Anda di halaman 1dari 10

Sleep Deprivation

Gender-Specific Associations of Short Sleep Duration With


Prevalent and Incident Hypertension
The Whitehall II Study
Francesco P. Cappuccio, Saverio Stranges, Ngianga-Bakwin Kandala, Michelle A. Miller,
Frances M. Taggart, Meena Kumari, Jane E. Ferrie, Martin J. Shipley,
Eric J. Brunner, Michael G. Marmot

AbstractSleep deprivation (5 hour per night) was associated with a higher risk of hypertension in middle-aged
American adults but not among older individuals. However, the outcome was based on self-reported diagnosis of
incident hypertension, and no gender-specific analyses were included. We examined cross-sectional and prospective
associations of sleep duration with prevalent and incident hypertension in a cohort of 10 308 British civil servants aged
35 to 55 years at baseline (phase 1: 19851988). Data were gathered from phase 5 (19971999) and phase 7
Downloaded from http://hyper.ahajournals.org/ by guest on November 28, 2017

(20032004). Sleep duration and other covariates were assessed at phase 5. At both examinations, hypertension was
defined as blood pressure 140/90 mm Hg or regular use of antihypertensive medications. In cross-sectional analyses
at phase 5 (n5766), short duration of sleep (5 hour per night) was associated with higher risk of hypertension
compared with the group sleeping 7 hours, among women (odds ratio: 2.01; 95% CI: 1.13 to 3.58), independent of
confounders, with an inverse linear trend across decreasing hours of sleep (P0.003). No association was detected in
men. In prospective analyses (mean follow-up: 5 years), the cumulative incidence of hypertension was 20.0% (n740)
among 3691 normotensive individuals at phase 5. In women, short duration of sleep was associated with a higher risk
of hypertension in a reduced model (age and employment) (6 hours per night: odds ratio: 1.56 [95% CI: 1.07 to 2.27];
5 hour per night: odds ratio: 1.94 [95% CI: 1.08 to 3.50] versus 7 hours). The associations were attenuated after
accounting for cardiovascular risk factors and psychiatric comorbidities (odds ratio: 1.42 [95% CI: 0.94 to 2.16]; odds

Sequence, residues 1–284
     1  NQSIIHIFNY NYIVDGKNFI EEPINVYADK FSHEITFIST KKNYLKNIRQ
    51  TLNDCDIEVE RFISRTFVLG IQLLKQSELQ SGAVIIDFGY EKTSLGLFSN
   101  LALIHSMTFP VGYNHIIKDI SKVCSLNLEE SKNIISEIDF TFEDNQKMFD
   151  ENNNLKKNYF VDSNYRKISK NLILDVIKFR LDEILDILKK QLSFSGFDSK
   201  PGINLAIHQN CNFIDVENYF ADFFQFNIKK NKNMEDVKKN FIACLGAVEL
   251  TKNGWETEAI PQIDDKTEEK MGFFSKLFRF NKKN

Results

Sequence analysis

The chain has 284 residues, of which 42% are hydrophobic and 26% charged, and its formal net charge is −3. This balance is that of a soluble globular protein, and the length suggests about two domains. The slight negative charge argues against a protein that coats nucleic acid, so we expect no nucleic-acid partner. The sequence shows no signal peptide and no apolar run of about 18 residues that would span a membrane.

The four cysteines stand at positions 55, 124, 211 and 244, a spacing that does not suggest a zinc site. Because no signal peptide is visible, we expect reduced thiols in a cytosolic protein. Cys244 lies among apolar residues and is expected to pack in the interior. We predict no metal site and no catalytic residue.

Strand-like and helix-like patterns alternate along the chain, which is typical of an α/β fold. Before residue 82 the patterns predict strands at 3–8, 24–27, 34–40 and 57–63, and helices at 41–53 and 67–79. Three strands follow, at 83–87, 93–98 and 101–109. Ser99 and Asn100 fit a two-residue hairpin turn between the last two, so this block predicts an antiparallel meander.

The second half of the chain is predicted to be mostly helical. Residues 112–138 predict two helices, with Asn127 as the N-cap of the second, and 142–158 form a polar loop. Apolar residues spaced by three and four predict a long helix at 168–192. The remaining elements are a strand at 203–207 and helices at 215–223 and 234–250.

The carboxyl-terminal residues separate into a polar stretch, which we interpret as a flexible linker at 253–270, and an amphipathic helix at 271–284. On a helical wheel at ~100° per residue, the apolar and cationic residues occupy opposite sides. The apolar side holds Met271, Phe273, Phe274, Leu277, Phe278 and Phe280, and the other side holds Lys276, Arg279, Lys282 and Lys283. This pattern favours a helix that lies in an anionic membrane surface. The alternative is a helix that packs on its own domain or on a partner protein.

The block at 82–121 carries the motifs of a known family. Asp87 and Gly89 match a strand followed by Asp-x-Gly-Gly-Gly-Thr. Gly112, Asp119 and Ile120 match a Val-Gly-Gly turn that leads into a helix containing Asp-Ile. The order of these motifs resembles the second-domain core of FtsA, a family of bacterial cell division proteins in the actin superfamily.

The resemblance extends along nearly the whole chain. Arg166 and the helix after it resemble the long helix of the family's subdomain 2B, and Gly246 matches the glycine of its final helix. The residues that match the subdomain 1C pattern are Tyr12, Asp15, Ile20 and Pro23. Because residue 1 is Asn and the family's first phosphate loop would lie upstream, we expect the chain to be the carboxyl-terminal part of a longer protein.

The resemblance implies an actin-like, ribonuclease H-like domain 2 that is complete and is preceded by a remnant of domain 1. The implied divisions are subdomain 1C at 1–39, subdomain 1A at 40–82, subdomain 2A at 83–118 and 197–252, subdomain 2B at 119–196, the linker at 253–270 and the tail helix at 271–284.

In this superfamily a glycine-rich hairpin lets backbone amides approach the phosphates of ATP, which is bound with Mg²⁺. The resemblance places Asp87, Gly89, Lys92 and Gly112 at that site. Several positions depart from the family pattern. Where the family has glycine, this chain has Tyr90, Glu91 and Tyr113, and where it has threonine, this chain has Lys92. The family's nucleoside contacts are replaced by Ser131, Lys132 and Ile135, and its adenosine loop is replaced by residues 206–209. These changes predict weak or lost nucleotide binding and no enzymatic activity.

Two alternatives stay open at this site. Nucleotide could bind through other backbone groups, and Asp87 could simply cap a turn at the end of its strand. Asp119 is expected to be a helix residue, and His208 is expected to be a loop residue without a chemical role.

ratio: 1.31 [95% CI: 0.65 to 2.63], respectively). Sleep deprivation may produce detrimental cardiovascular effects
among women. (Hypertension. 2007;50:693-700.)
Key Words: sleep duration blood pressure hypertension gender differences confounders comorbidities

S leep-disordered breathing (SDB) has been linked to


elevated blood pressure and risk of hypertension in
several epidemiological observational studies.15 Growing
tension among individuals with usual sleep duration above
or below the median of 7 to 8 hours per night.14 The
association was stronger, ie, a 66% higher risk of hyperten-
evidence indicates that sleep deprivation is also associated sion, among short sleepers (6 hours per night). Although
with a number of health outcomes, including hyperten- this study attempted to account for a number of potential
sion.6 14 For example, in a recent longitudinal analysis of the confounders, including psychiatric and cardiovascular comor-
first National Health And Nutrition Examination Survey bidities, the cross-sectional design did not allow inference on
(NHANES-I), short sleep duration (5 hours per night) was the temporal relationship between sleep duration and
associated with a 60% higher risk of incident hypertension in hypertension.
middle-aged (32 to 59 years) American adults without appar- Several studies in humans indicate potential pathophysio-
ent sleep disorders during a mean follow-up of 8 to 10 logical mechanisms supporting the biological plausibility of
years.13 No association was found in individuals 60 years of the association between sleep deprivation and hypertension.